The new leader of the Manitoba Liberal Party has indicated she will not seek election in one of two byelections expected this fall. As well, Rana Bokhari, the 36-year-old lawyer who on Saturday won the leadership vacated by Jon Gerrard, seems to agree he can stay on as MLA for River Heights for as long as he wishes. In other words, she seems to believe she can rebuild a moribund party from outside the legislature.
That might be the wise course for Ms. Bokhari. The fact is the Manitoba Liberal Party is pretty much nonexistent outside of Winnipeg, and not that much stronger inside the city. Getting it tuned up for the next election will be a massive undertaking. Significantly growing Liberal support should be Ms. Bokhari's No. 1 priority.
But if Ms. Bokhari wants to be leader of more than a few thousand card-carrying Liberals, she has to attract non-Liberals. To do that, she has to get their attention, and the quickest, most available way to do that is to seek office, even against daunting odds in a Tory stronghold like Morris.
Much has been made of the parallels between Ms. Bokhari and Sharon Carstairs, the most successful Manitoba Liberal leader in modern times.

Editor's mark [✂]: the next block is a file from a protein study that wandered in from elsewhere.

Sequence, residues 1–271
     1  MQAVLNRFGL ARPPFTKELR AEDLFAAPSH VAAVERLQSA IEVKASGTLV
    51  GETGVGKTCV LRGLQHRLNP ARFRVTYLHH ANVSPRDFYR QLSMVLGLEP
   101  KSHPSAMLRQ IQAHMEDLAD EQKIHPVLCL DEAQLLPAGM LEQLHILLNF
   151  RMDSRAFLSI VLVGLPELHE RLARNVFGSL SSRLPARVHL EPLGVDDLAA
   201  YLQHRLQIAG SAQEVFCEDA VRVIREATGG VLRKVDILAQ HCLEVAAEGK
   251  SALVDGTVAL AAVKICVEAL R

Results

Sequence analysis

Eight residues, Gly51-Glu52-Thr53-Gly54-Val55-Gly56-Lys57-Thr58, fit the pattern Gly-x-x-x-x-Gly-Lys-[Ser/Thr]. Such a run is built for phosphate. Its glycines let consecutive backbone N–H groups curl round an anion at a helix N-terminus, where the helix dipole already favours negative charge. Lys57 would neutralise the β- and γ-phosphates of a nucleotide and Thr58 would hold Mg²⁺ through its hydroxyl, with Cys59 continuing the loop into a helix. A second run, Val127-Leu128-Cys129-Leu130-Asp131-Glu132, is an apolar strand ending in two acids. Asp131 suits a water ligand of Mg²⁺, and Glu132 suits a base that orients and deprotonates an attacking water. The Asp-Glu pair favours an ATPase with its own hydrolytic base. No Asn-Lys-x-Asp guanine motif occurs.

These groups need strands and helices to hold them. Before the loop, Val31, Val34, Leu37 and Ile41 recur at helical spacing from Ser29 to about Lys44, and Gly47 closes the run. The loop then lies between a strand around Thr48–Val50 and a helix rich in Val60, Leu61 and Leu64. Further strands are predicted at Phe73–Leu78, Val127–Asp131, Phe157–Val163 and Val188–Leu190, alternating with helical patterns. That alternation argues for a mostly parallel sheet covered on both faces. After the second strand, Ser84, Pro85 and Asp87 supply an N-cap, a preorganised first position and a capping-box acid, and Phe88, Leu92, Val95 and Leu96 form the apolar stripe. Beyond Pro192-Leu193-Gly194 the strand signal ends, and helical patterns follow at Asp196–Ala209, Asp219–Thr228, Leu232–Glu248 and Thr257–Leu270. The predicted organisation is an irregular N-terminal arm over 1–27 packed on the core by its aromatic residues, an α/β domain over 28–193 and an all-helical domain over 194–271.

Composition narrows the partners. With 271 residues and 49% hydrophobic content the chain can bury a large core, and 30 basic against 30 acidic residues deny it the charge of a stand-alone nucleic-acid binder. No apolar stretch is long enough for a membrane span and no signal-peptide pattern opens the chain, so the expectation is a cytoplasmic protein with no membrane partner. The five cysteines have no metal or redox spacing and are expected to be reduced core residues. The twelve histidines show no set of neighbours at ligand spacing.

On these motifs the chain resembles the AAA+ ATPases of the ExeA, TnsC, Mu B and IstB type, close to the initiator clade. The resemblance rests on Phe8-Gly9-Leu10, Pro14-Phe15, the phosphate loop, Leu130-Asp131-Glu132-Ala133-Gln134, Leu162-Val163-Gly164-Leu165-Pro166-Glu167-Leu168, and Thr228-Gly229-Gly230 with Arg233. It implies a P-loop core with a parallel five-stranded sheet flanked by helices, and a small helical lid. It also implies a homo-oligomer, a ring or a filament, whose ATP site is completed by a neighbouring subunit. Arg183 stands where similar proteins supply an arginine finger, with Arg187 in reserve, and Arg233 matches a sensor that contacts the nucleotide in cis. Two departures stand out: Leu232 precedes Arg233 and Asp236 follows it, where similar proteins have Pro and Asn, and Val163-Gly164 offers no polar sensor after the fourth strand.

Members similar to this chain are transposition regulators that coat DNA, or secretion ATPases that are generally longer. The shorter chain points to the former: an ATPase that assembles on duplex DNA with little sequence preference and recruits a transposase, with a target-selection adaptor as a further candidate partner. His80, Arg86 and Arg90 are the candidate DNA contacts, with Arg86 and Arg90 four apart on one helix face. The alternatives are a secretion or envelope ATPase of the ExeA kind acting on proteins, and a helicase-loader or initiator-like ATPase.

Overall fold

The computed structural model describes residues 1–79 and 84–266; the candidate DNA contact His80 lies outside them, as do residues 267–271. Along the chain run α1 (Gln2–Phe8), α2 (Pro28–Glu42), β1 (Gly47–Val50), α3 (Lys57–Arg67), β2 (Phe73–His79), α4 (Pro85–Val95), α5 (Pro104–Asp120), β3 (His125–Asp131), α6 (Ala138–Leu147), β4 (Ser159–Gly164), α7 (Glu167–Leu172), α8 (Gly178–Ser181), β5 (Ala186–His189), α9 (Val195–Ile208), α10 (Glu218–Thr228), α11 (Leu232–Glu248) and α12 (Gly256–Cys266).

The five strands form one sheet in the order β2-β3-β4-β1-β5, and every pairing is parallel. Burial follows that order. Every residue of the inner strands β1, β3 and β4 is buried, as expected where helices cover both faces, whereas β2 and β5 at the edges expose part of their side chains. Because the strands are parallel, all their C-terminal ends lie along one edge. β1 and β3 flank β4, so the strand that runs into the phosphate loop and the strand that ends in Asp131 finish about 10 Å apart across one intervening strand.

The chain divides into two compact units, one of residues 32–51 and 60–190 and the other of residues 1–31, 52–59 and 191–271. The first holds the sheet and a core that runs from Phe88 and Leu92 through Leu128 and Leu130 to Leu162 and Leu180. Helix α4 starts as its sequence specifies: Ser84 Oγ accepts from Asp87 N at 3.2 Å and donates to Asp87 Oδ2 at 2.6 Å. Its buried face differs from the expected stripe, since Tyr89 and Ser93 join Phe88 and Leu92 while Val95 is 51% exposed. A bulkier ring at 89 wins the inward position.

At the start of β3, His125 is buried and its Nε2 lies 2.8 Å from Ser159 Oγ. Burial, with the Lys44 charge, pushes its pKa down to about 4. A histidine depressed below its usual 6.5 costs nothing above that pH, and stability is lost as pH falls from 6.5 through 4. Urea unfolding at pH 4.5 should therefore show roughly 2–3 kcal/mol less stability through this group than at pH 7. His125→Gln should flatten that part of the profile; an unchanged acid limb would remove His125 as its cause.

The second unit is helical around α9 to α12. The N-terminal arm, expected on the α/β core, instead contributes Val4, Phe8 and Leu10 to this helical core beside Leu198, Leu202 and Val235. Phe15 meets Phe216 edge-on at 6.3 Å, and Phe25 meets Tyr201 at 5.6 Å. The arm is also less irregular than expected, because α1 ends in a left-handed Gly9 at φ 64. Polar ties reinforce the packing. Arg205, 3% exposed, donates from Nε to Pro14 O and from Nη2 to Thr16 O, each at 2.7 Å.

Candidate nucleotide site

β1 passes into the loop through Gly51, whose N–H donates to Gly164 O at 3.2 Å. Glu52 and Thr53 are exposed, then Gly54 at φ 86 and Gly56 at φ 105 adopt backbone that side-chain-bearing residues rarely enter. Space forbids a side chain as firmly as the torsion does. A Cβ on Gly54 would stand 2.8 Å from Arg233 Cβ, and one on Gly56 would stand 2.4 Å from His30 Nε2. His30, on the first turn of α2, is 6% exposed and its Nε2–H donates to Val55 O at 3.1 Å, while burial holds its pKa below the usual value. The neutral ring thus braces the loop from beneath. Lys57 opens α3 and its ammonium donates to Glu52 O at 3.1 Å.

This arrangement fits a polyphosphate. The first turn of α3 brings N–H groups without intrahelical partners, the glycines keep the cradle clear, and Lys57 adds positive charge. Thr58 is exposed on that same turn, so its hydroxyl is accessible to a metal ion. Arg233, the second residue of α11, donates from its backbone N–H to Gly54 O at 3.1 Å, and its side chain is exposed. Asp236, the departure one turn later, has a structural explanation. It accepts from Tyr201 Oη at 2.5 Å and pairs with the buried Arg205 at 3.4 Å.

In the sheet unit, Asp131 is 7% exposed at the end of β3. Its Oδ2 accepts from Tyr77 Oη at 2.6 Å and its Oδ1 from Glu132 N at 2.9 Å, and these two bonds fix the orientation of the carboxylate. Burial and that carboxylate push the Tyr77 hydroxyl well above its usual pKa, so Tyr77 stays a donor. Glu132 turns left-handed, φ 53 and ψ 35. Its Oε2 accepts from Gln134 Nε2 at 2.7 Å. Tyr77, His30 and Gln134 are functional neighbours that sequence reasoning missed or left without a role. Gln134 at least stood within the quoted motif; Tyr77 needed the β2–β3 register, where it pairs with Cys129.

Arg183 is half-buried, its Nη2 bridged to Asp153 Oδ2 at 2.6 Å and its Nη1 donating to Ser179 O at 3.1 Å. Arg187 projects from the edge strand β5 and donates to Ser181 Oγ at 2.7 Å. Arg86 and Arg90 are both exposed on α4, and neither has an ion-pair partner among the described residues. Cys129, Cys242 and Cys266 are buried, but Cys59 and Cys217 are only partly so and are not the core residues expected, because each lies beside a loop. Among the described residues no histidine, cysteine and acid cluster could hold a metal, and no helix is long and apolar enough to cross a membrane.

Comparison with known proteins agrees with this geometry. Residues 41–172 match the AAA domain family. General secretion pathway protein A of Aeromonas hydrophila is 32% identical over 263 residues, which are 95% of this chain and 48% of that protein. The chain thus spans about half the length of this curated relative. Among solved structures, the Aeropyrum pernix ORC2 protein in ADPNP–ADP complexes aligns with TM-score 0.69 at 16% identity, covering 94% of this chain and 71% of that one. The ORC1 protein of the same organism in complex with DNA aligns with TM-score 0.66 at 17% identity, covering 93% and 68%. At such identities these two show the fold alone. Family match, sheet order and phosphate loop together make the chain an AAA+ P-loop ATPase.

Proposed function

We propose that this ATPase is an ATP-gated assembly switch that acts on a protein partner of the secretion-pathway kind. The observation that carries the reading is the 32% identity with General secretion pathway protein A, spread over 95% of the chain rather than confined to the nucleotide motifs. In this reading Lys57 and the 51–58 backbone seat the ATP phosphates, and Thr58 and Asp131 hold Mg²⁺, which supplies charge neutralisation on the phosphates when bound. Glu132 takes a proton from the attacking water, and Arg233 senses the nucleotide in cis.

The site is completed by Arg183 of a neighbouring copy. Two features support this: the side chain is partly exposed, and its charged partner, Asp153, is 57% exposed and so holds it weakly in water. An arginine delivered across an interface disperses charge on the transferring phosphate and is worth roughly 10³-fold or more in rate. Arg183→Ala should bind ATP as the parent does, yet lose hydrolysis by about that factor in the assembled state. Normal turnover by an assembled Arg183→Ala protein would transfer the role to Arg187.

When Ms. Carstairs won the leadership in 1984, there were no Liberals in the legislature but, as now, the NDP government was in decline. At the first opportunity, Ms. Carstairs contested a byelection. She lost but got people's attention. Two years later she was elected, and two years after that she was leader of the opposition.
Polls show disaffection with the NDP has led to a vast improvement in Liberal polling numbers. They also show Manitoba liberals are drifting back to the federal Liberal party under Justin Trudeau, who is trying mightily to win two federal byelections in Manitoba on Nov. 25. Both are long shots in Tory strongholds, but Mr. Trudeau seems think there is no shame in placing second.
Ms. Bokhari, of course, will lead as she thinks best. But the examples of Ms. Carstairs and Mr. Trudeau illustrate it doesn't hurt Grits to show grit.